The withdrawal of Russian troops following the Russian-Ottoman Treaty of Bucharest (1812) allowed the Ottomans to concentrate on the Serbian rebels, the treaty stipulated modest autonomy for the Serbs but the Ottomans did not accept the provision.[5] In July, three formidable Turkish armies converged on Serbia, on three fronts, to crush the insurrection without outside interference, eventually, the rebel forces, exhausted, were compelled to retreat across the Danube to Austria and then to Bessarabia[6]

In September 1814 Čolak-Anta and his family moved to Russia with his wife Jela and children: Jovanka, Angelka, Stevana and Kosta. His son Konstantin was accepted in the First Cadet Corps at Saint Petersburg by special decree of Emperor Alexander I.

Return to Serbia[edit]

Čolak-Anta and his family returned to Serbia in 1831 after the country became a semiautonomous state and a full amnesty was granted to those who had participated in the rebellion.[7] Čolak-Anta was appointed Chief Magistrate, a function he held until his retirement in 1843.

He died on 23 August 1853 in Kragujevac, leaving to his descendants the surname of Čolak-Antić (Tcholak-Antitch or Colak-Antic).


With his first wife Jelena he had a son, Kosta and nine daughters, with his second wife he had a son: Paul.
His male descendants all attended the Military Academy and include:

  • Lt. Colonel Lazar Tcholak-Antitch, commander of the Morava division (1839–1877)
  • Cavalry Colonel Milivoje Tcholak-Antitch (1884–1944)
  • Colonel Ilya Tcholak-Antitch, commander of the Ibar Army (1836–1894), married Jelena Matić, daughter of Dimitrije Matić, Minister of Justice and Education, they had a daughter, Jovanka and two sons: Bosko and Vojin.
  • Dr. Bosko Tcholak-Antitch, Marshal of the King's Petar Ist Court, Envoy Extraordinary, Ambassador and Minister Plenipotentiary of the Kingdom of Yugoslavia (1871–1949)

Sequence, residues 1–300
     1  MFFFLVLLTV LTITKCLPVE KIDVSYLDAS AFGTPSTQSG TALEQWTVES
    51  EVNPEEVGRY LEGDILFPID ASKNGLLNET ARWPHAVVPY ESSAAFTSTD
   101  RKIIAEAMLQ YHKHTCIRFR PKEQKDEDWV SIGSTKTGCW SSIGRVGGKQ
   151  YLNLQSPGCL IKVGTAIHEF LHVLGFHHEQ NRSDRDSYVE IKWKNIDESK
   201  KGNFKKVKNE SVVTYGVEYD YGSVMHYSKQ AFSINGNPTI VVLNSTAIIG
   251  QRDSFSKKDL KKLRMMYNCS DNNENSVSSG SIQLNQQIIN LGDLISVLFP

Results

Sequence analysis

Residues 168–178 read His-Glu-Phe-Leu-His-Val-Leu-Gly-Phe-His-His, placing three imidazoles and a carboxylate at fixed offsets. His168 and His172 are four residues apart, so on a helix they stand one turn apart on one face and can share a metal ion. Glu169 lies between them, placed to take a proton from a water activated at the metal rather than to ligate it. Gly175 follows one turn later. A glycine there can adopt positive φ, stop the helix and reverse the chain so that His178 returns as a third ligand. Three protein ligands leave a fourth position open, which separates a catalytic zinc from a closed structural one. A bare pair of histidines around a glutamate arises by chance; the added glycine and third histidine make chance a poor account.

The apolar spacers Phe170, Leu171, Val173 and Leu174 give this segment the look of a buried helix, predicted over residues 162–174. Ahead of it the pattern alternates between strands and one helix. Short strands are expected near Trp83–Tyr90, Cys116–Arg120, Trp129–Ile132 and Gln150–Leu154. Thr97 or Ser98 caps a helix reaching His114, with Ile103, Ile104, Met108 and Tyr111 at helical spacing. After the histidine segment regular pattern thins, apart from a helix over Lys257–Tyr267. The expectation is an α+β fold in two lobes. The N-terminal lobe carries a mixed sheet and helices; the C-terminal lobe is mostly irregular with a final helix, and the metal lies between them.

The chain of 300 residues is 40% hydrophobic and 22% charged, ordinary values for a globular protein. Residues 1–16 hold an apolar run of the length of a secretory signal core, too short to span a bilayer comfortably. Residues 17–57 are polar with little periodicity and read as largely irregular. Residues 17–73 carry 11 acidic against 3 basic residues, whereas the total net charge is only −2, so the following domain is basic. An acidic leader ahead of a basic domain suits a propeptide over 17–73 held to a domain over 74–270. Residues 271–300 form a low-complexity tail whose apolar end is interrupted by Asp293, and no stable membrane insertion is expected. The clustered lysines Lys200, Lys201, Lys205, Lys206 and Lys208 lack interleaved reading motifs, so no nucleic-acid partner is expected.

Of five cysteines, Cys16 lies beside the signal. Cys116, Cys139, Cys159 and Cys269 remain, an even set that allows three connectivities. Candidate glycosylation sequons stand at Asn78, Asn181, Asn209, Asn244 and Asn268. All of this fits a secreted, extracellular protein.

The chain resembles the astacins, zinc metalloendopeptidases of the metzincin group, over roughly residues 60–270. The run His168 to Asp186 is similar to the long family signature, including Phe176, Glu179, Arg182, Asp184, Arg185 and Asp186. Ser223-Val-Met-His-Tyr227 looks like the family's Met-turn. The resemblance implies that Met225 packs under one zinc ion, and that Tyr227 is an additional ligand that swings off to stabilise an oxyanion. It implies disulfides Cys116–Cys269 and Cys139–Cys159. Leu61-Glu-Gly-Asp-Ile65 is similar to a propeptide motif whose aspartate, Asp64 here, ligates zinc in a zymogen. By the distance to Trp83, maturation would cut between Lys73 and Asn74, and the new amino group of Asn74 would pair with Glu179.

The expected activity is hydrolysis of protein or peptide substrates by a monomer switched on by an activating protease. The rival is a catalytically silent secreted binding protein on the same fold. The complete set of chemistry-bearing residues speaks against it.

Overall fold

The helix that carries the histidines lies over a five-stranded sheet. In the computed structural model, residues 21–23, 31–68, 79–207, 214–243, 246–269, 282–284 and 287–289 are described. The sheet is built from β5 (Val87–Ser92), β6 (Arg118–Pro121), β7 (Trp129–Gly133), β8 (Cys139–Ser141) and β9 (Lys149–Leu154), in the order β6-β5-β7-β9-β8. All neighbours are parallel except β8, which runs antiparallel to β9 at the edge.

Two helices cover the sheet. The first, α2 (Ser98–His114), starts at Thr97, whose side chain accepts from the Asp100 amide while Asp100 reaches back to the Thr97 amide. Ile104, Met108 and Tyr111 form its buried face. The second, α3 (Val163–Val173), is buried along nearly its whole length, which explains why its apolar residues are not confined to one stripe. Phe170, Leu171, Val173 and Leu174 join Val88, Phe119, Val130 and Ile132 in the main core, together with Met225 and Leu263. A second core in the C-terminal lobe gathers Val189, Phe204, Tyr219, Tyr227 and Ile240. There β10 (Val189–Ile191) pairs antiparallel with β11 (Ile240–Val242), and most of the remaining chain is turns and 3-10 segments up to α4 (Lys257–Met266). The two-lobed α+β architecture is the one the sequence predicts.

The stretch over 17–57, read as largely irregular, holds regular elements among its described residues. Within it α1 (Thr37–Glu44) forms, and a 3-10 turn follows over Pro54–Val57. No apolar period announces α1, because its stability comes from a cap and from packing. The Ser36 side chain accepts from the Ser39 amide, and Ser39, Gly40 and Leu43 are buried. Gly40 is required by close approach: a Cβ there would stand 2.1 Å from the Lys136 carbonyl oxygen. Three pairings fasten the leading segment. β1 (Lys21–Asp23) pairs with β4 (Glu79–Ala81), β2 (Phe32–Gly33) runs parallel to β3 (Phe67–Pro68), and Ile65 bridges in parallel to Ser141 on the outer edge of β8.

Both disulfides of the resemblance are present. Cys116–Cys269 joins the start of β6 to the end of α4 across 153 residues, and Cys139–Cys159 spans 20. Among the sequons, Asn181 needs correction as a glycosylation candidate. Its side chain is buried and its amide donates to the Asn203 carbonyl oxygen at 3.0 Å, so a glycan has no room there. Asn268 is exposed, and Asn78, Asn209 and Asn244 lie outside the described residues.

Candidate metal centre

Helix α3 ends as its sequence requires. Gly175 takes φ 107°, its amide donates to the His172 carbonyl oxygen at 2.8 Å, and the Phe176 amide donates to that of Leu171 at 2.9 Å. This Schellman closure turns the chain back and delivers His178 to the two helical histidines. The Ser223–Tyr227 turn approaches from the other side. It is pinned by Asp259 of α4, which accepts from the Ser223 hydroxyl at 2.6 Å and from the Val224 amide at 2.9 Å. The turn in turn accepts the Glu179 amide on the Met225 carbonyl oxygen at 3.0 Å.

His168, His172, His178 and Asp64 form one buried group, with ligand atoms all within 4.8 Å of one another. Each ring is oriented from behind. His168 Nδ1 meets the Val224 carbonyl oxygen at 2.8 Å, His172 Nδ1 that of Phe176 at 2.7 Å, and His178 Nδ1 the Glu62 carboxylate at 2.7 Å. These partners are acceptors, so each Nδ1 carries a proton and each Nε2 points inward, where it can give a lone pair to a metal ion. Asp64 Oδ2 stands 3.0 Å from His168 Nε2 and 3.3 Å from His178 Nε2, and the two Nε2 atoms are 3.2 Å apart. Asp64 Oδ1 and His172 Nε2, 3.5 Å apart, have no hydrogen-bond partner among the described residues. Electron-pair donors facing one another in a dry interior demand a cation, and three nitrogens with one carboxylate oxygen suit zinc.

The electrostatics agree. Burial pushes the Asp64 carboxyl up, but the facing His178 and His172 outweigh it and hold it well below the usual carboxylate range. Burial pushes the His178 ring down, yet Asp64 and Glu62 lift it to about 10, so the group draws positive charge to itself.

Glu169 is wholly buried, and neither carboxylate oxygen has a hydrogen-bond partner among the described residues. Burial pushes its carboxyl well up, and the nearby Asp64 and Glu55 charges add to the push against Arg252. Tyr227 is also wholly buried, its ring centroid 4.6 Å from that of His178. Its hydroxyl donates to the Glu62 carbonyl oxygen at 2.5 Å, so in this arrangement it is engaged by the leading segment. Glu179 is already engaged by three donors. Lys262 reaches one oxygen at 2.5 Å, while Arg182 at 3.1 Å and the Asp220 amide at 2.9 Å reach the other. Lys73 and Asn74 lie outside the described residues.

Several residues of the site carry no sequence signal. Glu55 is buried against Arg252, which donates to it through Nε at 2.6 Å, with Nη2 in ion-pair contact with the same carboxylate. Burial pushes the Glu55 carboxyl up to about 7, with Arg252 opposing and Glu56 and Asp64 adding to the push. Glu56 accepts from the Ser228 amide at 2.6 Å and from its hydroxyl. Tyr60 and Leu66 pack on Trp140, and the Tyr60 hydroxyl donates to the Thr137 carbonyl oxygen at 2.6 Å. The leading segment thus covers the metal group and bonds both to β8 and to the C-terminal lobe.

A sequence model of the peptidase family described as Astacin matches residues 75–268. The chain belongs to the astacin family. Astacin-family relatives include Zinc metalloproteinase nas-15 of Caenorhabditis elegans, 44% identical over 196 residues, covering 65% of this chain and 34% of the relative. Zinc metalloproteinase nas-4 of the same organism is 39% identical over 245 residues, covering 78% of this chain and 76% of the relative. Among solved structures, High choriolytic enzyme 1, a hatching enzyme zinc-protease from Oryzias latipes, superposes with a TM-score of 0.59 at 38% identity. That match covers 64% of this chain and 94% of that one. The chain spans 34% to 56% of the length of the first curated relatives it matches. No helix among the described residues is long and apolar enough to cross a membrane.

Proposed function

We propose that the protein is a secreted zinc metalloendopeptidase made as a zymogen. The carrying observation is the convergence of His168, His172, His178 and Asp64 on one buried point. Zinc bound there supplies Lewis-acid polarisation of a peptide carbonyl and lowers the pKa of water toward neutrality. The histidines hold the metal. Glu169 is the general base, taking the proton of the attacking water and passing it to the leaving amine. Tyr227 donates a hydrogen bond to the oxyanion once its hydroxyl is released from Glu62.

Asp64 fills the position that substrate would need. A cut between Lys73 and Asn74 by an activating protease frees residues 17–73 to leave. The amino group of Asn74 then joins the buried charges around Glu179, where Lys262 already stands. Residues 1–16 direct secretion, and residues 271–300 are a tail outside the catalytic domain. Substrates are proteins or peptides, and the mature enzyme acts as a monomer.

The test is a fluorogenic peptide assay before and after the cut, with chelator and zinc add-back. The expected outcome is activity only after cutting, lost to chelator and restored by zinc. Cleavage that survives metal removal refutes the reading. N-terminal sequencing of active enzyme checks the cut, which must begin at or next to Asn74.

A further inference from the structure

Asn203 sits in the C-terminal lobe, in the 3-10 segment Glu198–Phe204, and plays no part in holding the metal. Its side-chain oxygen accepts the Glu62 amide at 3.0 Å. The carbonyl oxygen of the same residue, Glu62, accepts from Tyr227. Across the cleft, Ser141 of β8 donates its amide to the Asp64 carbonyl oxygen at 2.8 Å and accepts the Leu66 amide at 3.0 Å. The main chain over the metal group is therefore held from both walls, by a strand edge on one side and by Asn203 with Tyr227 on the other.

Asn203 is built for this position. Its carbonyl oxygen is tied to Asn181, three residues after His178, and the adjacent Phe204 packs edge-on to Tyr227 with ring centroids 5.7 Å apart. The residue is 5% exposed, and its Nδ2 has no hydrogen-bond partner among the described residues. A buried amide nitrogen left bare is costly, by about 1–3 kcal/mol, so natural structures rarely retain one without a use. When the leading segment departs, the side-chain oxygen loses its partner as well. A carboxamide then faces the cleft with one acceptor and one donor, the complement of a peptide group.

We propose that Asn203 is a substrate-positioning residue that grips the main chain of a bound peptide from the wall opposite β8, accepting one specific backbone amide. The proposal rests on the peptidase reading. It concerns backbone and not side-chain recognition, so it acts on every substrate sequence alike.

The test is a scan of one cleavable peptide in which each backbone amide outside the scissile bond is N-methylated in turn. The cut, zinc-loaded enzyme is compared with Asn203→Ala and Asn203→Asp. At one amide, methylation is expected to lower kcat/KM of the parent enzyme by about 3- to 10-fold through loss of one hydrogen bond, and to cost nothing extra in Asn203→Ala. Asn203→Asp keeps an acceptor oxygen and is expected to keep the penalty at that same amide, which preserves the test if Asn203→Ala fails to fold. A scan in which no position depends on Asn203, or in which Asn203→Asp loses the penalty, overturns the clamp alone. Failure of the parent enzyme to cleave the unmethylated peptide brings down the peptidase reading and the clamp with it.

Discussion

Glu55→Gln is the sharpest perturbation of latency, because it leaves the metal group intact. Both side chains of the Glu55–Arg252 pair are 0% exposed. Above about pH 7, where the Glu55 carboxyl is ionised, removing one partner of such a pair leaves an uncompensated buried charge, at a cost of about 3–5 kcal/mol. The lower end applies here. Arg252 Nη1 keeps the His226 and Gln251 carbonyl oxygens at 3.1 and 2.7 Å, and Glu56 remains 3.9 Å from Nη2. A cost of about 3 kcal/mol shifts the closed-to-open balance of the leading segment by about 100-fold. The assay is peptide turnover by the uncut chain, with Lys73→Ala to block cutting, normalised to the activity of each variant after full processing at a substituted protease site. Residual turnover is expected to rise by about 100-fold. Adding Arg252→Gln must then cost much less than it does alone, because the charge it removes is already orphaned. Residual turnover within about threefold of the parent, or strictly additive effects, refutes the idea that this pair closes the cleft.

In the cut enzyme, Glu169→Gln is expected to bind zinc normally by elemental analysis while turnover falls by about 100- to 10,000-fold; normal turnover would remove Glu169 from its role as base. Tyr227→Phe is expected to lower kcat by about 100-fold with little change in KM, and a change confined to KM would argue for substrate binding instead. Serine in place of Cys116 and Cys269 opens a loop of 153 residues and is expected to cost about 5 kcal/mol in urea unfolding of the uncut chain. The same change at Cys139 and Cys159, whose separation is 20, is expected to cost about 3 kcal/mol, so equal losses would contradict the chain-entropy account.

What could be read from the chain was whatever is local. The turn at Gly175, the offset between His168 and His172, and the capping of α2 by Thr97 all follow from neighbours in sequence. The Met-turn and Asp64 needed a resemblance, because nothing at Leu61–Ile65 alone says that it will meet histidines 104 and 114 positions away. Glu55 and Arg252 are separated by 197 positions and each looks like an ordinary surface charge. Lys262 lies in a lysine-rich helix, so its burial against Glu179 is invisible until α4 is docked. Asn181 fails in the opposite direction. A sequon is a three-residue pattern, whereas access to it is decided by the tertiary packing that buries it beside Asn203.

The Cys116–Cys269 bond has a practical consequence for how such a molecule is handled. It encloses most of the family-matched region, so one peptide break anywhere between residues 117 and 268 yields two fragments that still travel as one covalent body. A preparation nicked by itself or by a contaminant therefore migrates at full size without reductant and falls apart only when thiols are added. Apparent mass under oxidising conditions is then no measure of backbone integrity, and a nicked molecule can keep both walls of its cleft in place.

• Division General Vojin Tcholak-Antitch, Chief Inspector of Cavalry, Commander of the Order of the Légion d'Honneur (1877–1945), married Mary Grujić, daughter of Sava Grujić, Prime Minister of The Kingdom of Serbia (under Obrenovitch and Karadjordjevitch), the couple had a daughter and three sons:
  • Cavalry Colonel (French army) Ilija Tcholak-Antitch (1905–1974)
  • Cavalry Major Grujica Tcholak-Antitch (1906–1967)
  • Cavalry Lt Colonel Petar Tcholak-Antitch (1907–1964)

The Slava (Serbian patron saint) of the family is St. Archangel Michael.


  • Čolak Antina is a street of the western section of downtown Belgrade (Savski Venac) named after Čolak-Anta Simonović[8]
  • The town of Kruševac, central Serbia, has a street named Čolak Antina[9]

See also[edit]


  1. ^ Name: His last name is also spelled Simeunović and Simonović.[10]


  1. ^ Dušan T. Bataković -The Kosovo Chronicles, Belgrade: Plato Books 1992, ISBN 86-447-0006-5
  2. ^ Srbija i Albanci u XIX i početkom XX veka: ciklus predavanja 10-25. novembar 1987 Vladimir Stojančević
  3. ^ A History of the Balkan Peoples, p. 95 Ardent Media
  4. ^ Glenny, Misha. The Balkans: Nationalism, War, and the Great Powers, 1804–1999. New York: Penguin, 2001.
  5. ^ Encyclopedia of the Ottoman Empire, Gábor Ágoston, Bruce Alan Masters, Infobase Publishing, 2009 p. 519
  6. ^ The first Serbian uprising and the restoration of the Serbian state Nebojša Damnjanović, Vladimir Merenik 2004
  7. ^ Petrovich, Michael Boro. A History of Modern Serbia 1804–1918 vol. 1. New York: Harcourt Brace Jovanovich, 1976.
  8. ^ "Čolak Antina - Savski venac, Beograd - ulica na mapa.in.rs". beograd.mapa.in.rs. Retrieved 2015-03-08. 
  9. ^ "Čolak Antina, Kruševac - ulica na mapa.in.rs". krusevac.mapa.in.rs. Retrieved 2015-03-08. 
  10. ^ Muzej grada Beograda (1968). Annuaire de la ville de Beograd. 15. Izd. Muzej grada Beograda. Retrieved 2015-03-08.